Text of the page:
Importantly, Sharansky was not advocating that Israel stop relying on the strength of its military. He was advocating, rather, that the armed forces be kept at the ready in case the “chance” turned sour. A critical question put to him by the interviewer was – what if the genuine will of the people in a democratic Egypt or Palestine is to wipe out the State of Israel? Sharansky’s response was that the only way the country could conceivably become less dependent on its military would be through letting go of hard-line attitudes and supporting democratic reform in the region.

“And I think it’ll succeed,” he added, “because I think, in the end, the majority of Palestinians don’t want to continue living in refugee camps. They got closer to the ideas of the free world, a free economy, more education, than did many others, because of their proximity to Israel. But the fact is, they were never given the opportunity to choose. In 1993, we brought Arafat from Tunis, who said, ‘Now we’ll be a dictatorship’.”

Sharansky was of course referring to the process that resulted in the Oslo Accords, the first direct and face-to-face agreement between Israel and the Palestinian Liberation Organisation. He was also subtly indicating that his view on those accords was in line with the views of old-school hawks like Arens – Arafat, although he may have been a dictator with the power to implement the principles of interim Palestinian self-government, had no intention of bringing an end to the conflict.

In February 2011, though, on the back of events in Egypt, Tunisia (where the ruler fled), and Jordan (where King Abdullah has replaced his cabinet and installed a prime minister who promises reform), the hand of the United States in brokering a deal has been strengthened. A major story published in the New York Times magazine last week suggests that the time has never been riper for an Israeli-Palestinian peace agreement that could actually work. The piece, written by acclaimed Middle East observer and author Bernard Avishai, documents a series of meetings that took place between Ehud Olmert (then Israel’s prime minister) and president of the Palestinian Authority Mahmoud Abbas from 2006 to 2008. These talks, according to Avishai, were the source for the leaked “Palestine Papers” published by Al Jazeera in January. While an agreement was never signed, the points apparently agreed on by the two leaders have set the Americans up for a new and powerful set of “bridging proposals”.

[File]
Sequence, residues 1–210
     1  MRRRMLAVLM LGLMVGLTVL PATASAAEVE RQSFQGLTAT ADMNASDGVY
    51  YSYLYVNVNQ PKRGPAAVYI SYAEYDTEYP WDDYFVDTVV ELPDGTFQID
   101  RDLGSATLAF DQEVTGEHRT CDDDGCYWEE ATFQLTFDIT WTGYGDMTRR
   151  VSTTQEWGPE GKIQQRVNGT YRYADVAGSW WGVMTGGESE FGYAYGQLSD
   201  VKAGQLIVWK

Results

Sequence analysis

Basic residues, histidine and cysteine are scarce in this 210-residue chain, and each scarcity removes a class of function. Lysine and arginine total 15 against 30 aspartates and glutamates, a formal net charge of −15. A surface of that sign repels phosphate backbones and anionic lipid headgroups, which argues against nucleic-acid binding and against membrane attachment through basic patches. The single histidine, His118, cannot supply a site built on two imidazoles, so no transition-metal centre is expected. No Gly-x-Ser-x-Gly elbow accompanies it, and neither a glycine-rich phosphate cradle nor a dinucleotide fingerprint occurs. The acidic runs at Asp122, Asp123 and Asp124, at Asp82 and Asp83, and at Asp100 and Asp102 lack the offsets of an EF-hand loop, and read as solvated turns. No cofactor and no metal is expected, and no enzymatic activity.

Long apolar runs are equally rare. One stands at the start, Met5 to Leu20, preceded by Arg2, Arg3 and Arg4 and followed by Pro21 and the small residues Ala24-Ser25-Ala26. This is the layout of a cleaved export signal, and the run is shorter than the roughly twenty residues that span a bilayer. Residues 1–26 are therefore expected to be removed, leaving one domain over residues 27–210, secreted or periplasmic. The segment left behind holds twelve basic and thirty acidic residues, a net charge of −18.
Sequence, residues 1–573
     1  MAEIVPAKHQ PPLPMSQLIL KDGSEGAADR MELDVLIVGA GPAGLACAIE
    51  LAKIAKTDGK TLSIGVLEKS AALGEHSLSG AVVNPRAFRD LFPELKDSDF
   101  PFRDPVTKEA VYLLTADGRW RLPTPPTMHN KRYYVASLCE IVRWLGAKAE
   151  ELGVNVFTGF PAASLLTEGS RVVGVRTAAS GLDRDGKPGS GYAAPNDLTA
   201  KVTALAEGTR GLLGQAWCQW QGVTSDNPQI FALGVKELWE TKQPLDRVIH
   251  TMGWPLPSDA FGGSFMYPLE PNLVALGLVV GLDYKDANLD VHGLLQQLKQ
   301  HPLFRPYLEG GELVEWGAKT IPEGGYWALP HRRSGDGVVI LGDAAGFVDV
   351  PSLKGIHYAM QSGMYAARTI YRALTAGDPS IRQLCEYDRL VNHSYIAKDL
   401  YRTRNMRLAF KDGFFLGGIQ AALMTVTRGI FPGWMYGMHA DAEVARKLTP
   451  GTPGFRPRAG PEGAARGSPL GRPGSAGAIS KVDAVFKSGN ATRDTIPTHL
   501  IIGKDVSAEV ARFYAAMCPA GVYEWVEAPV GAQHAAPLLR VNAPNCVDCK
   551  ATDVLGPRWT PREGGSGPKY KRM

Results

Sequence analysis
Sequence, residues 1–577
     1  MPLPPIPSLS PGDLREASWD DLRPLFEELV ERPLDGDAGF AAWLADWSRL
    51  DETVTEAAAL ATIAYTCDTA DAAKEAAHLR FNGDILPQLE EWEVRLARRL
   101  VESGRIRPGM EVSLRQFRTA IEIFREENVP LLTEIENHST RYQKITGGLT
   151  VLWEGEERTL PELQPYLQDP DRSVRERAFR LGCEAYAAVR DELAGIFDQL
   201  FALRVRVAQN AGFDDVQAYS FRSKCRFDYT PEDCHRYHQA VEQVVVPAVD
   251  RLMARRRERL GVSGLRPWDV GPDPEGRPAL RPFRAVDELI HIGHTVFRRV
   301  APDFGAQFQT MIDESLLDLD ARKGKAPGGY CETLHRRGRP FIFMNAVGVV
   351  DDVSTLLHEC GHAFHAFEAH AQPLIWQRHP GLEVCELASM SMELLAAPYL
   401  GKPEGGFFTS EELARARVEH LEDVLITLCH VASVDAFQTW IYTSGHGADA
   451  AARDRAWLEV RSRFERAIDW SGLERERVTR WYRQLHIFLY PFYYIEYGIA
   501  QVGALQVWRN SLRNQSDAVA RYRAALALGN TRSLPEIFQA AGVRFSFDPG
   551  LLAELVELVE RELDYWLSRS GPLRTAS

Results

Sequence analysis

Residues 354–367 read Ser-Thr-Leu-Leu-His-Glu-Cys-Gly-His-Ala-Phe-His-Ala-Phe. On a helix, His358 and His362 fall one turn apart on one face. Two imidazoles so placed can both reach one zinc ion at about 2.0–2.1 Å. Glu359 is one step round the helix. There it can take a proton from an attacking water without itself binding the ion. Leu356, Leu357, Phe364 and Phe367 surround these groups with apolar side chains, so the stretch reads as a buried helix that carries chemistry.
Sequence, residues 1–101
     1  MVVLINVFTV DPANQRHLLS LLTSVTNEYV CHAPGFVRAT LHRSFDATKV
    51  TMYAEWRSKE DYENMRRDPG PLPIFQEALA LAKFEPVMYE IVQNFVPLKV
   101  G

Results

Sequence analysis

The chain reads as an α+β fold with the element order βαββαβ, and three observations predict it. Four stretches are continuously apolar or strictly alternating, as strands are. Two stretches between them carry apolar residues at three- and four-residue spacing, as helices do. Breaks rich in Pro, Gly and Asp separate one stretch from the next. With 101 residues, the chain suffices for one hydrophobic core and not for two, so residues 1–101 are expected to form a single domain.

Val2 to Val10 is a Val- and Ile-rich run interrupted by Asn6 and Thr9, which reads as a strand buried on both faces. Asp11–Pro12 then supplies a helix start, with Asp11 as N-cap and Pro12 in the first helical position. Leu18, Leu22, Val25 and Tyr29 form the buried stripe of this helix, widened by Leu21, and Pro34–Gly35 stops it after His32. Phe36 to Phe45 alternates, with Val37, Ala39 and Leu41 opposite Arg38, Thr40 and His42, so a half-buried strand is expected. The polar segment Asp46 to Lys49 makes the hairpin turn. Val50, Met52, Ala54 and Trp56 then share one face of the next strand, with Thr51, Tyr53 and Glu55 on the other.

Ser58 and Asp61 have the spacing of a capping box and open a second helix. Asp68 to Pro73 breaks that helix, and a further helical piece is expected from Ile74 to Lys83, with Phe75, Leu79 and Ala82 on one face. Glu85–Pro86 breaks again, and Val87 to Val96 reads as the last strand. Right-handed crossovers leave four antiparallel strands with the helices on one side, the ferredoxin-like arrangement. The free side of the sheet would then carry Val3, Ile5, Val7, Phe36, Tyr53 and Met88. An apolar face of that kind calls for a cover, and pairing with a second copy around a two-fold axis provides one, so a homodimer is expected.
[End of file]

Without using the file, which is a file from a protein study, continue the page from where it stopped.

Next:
Avishai met separately with Olmert and Abbas last month to get their respective impressions of the talks. He wrote: “Each told me that if new violence breaks out in Palestine, as seems quite likely, historians will look back with a sense of pathos on how narrow and, in some key areas, trivial the gaps were. ‘We were very close,’ Olmert told me, ‘more than ever in the past, to complete an agreement on principles that would have led to the end of the conflict between us and the Palestinians.’ Abbas said the talks produced more ‘creative ideas’ than any in the past. He took pains to assure me that he had been most flexible on Israel’s security demands. Olmert, in retrospect, agrees, saying that Abbas ‘had never said no.’ Olmert insisted that he had conceded to Abbas every major demand Palestinians had made for decades: a border based scrupulously on the 1967 lines, a Palestinian capital in Jerusalem and ‘recognition of the problem’ of refugees. ‘I was ready to take complete responsibility and move forward forcefully,’ Olmert told me. ‘I believed, I still believe, that I would have broken through all the barriers and won over public opinion in this country and the world.’”

What happened instead was that Olmert was investigated for corruption and forced to step down, making way for Benyamin Netanyahu. In late 2008, Abbas strategically stalled while waiting to see which American presidency the Palestinians would confront, and negotiations were suspended when Israel attacked Gaza in January 2009. Currently, Abbas still expects the US – under President Barack Obama – to push the deal through. Without a deal, Avishai maintains, “Jerusalem and the West Bank will almost certainly explode again, this time perhaps igniting the kind of local war we saw in Bosnia: violence spreading to Israeli Arab towns and drawing in both Syrian-backed Hezbollah from Lebanon and Hamas from Gaza, each armed with thousands of missiles.”

It’s a scenario too tragic to contemplate, particularly given the once-in-a-generation gap that current events in the region symbolise. Obama didn’t have much to do with the Egyptian popular revolt, but if he rides the momentum his greatest legacy may turn out to be the democratisation of the Arab world and – incredibly – the golden chalice of peace in the Middle East. Should that occur, conversations at Friday night dinner tables in the Jewish diaspora will never be the same again.  DM


Read more:

  • “Can Israel only make peace with dictators?” in Ha’aretz;
  • “Faith in a democratic Egypt is Israel's modern-day Exodus,” in Ha’aretz;
  • “‘Maybe this is the moment to put our trust in freedom',” in the Jerusalem Post;
  • “A Plan For Peace That Still Could Be,” in the New York Times.

Photo: Israel's Prime Minister Benjamin Netanyahu (L) and Foreign Minister Avigdor Lieberman stand together during an award ceremony for new immigrant scientists in Tel Aviv October 26, 2010. REUTERS/Baz Ratner.

  • Kevin Bloom
    KevinBloomBW
    Kevin Bloom

    Kevin Bloom has written for a wide array of South African and international publications, including Granta, the UK Times and the Guardian, and is an Honorary Writing Fellow at the University of Iowa, having completed the fall residency of the International Writing Program in 2011. Kevin’s first book, Ways of Staying, won the 2010 South African Literary Award for literary journalism, and was shortlisted for the Alan Paton Award. He is currently working on a book about a changing Africa.

  • Politics